Eggs!!

I peeked into the chicken feeder to see how low the chickens were getting on feed, and just take a looky-look at what I discovered.

 

Yup, eggs.  In the feeder.  Our very first crop, if that’s what you call it.  I had been checking for eggs daily, but foolish me, was looking in the nesting boxes, not in the chicken feeder.

It’s a good thing I have this handy little egg basket. 

Since there were four eggs, I assumed they might be from one hen, and have possibly been sitting in a the summer heat for a few days, so my niece and I did the egg freshness test.

When you put the egg in a bowl of water, if it sinks quickly and lies on its side, it is good to eat.  If it ever floats, it needs to be discarded.  If it sits on the bottom of the bowl, but stands up on one end, it is not as fresh, but is still safe to eat.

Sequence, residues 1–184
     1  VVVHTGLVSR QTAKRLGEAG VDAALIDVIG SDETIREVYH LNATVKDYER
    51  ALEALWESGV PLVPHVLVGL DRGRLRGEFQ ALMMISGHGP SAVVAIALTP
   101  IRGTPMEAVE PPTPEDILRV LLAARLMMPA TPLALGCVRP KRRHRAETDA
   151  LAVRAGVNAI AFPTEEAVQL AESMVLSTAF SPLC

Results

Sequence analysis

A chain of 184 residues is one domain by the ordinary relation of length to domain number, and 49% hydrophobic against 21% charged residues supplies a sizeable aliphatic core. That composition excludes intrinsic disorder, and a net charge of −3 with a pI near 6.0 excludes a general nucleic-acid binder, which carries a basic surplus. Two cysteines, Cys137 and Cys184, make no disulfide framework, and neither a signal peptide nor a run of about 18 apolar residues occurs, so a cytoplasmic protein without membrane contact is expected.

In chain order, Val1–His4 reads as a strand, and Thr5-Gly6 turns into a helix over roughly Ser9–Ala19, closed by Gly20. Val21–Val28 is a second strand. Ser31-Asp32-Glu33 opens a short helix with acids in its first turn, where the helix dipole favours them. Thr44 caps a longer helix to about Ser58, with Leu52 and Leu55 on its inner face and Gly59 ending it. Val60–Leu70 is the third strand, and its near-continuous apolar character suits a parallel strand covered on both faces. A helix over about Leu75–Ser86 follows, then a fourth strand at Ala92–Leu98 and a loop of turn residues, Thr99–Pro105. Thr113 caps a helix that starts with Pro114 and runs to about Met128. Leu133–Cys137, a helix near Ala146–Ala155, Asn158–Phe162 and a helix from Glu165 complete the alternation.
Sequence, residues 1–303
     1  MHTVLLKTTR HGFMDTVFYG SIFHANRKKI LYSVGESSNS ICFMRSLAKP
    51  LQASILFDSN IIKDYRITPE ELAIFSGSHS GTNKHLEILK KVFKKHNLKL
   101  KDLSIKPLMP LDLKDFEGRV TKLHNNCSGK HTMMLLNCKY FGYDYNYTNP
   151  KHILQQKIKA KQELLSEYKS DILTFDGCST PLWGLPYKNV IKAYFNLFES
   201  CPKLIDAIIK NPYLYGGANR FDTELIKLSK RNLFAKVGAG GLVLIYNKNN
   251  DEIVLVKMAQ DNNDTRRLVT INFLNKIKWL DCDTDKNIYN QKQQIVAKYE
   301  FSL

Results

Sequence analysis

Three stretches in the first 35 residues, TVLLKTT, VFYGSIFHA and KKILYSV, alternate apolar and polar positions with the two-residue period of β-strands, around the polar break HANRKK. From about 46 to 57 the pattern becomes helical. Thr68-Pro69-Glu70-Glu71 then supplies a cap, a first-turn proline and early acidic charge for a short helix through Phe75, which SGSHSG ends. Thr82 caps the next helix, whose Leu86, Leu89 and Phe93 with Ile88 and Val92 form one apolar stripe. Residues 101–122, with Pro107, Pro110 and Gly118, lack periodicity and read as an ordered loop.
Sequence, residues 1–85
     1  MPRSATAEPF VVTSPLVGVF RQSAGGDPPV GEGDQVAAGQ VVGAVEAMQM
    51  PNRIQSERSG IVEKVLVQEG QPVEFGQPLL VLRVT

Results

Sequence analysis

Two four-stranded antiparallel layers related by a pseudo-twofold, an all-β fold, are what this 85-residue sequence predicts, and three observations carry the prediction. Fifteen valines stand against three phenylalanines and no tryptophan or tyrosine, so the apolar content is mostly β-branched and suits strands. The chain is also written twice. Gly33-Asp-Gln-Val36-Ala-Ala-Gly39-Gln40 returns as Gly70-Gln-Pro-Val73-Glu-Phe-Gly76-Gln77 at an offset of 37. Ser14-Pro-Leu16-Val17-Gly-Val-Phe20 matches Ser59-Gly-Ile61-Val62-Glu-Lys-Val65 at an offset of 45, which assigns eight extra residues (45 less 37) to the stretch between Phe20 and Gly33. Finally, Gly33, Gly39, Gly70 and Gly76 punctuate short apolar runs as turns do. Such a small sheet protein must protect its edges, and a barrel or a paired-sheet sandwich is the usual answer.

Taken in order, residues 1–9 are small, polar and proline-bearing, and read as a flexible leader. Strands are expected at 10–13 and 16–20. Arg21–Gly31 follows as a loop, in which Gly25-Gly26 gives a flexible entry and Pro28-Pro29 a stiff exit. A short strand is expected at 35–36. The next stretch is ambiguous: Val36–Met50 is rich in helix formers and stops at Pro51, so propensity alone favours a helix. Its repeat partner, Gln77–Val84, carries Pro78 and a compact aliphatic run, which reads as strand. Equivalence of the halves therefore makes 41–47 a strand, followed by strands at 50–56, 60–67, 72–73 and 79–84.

All our eggs aced the test.

 

They are quite tiny.  But the chickens are only 4 months old, and I’m hoping as they mature a little more, the eggs will increase in size. 

Despite their size, they made a good breakfast. 

With a taste nothing like store-bought eggs.  Much richer.  I was a bit leery at first, wondering if it’s safe to eat the first eggs, but we did anyway, and we didn’t even get salmonella or botulism or anything.